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Can I really learn to drive in a week?

(14 Posts)
littlelamb Sun 22-Jul-07 18:50:14

I am desperately saving up for driving lessons as it's just not viable for me to keep walking everywhere. The girl who was taking dd to and from nursery for me so I could get to work on time has left and I am just generally fed up of having to rely on a consistently unrealable bus. Nursery shuts for 3 weeks (don't even get me started on that one!) in August, and dd will be going to stay with her grandparents for a holiday. In that time, assuming I can book an intensive course, will I really be able to learn to drive? Any experiences? Or am I just being incredibly naive, and it will actually take me months and months!?

sar123 Sun 22-Jul-07 18:53:25

hi littlelamb I learnt to drive quite late at about 33 or 34. I didn't do an intensive course and it took me quite a few months of 2 hour lessons every week. It might not take you ages to learn the basics but learning road sense and having confidence to deal with other drivers behaviour can take time. I wouldn't rely on being able to pass your test and drive with confidence but it could be a really good way of getting started if you are in a hurry. Just not sure I would have been able to jump in the car and drive across town after a week!!!!HTH and maybe someone who's done an intensive course will be on soon.

littlelamb Sun 22-Jul-07 18:55:46

Thanks Sar. I actually started drib=ving lessons 5 years ago when i was 18, but a few hours a week wasn't enough for me- I would forget things from one lesson to the next and wasted a lot of money in the process- I had about 10 lessons and didnt feel I really learned anything

FioFio Sun 22-Jul-07 18:56:32

Message withdrawn

Cammelia Sun 22-Jul-07 18:57:46

They used to say you needed a lesson pey year of your age plus practice outside of lessons. Good job I passed my test a long time ago it would take me forever now

Devonshire Sun 22-Jul-07 18:58:37

i too learned to drive later in life, and needed months of lessons. my instructor said it was not lack of ability but lack of confidence in my ability that stopped me progressing quicker.

i couldn't have learned in a week, i was so crap and scared for ages!

nomdeplume Sun 22-Jul-07 19:09:52

One week is Very unrealistic imo.

The only way you'd have a half a chance of passing in one week is if you already had lots of accompanied hours behind the wheel (with a family member or something) or if you had someone to give you lots of training inbetween lessons. If neither of these are applicable and it would be the first time you'd ever sat behind the wheel then I think you are incredibly unrealistic. Sorry

lailasmum Sun 22-Jul-07 19:13:38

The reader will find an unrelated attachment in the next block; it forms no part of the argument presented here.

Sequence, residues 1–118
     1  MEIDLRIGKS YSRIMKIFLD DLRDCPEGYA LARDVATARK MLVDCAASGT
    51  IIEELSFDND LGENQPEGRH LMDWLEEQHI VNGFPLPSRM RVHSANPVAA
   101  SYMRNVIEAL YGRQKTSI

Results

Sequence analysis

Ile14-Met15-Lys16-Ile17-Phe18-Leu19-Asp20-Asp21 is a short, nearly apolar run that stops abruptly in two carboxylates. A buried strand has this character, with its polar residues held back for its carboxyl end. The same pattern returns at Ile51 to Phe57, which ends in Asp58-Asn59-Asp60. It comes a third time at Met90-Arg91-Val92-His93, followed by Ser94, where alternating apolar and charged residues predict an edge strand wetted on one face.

No I don't think you can learn in a week, it would get you started and break the back of it but realistically it takes time for your brain to take it all in and to get experience of different conditions. Also at the end of a 2 hr driving lesson I used to find I was absolutely knackered (was 26 when I learnt to drive and had a baby and 5 years of off and on lessons behind me)so at the end of a whole day i think you will be so tired that the last hour or two of your lesson each day could be wasted. It might be better to book lots of 2 hr sessions over a few weeks. I think it took me a four or five months in the end of 4 hours a weeks and I got to drive in winter weather and warm weather and night and day and all kinds of different conditions just because of the change of season and I am sure I am a better and safer driver for having longer to take it in.

expatinscotland Sun 22-Jul-07 19:16:06

No, not to the standard needed to pass the road test here.

Also remember that you need to have your provisional license to take any lessons or drive as a learner.

You will also need to have taken and passed the theory test before you can even apply to sit the road test.

MrsScavo Sun 22-Jul-07 19:21:43

I had intensive lessons for a week when I was a teenager, and failed at the test,which had been pre booked ages in advance. I think they have to be, usually. Thank heavens I didn't pass, really. It's much better if you can practice as well as have lessons.

expatinscotland Sun 22-Jul-07 19:23:20

What really helps is driving as a learner with a family member or friend. The supervising driver will have to include you on their insurance, however, and be over the age of 21 and have held a valid, full UK driving license for at least 3 years.

That REALLY helped me.

The lessons, however, were invaluable for nailing down the manouvres to proper test standard.

expatinscotland Sun 22-Jul-07 19:23:46

Oh, and they'll need to put the L plates up every time you're driving the car.

JackieNo Sun 22-Jul-07 19:27:08

I learned quite late, in my 20s, and did a week-long intensive course and passed, so it definitely can be done. But that was a good 15 years ago, so no idea whether it would have changed so much it wouldn't be possible.

gemmiegoatlegs Sun 22-Jul-07 19:31:31

i have just started learning to drive and recently read a book that recommended intensive courses only be taken by people who had plenty of previous experience, but had a break from driving lessons, not ever for absolute beginners. there is so much to learn. Even if you were a "natural" with the techniques, the awareness, co-ordination and hazard perception take a lot of getting used to.

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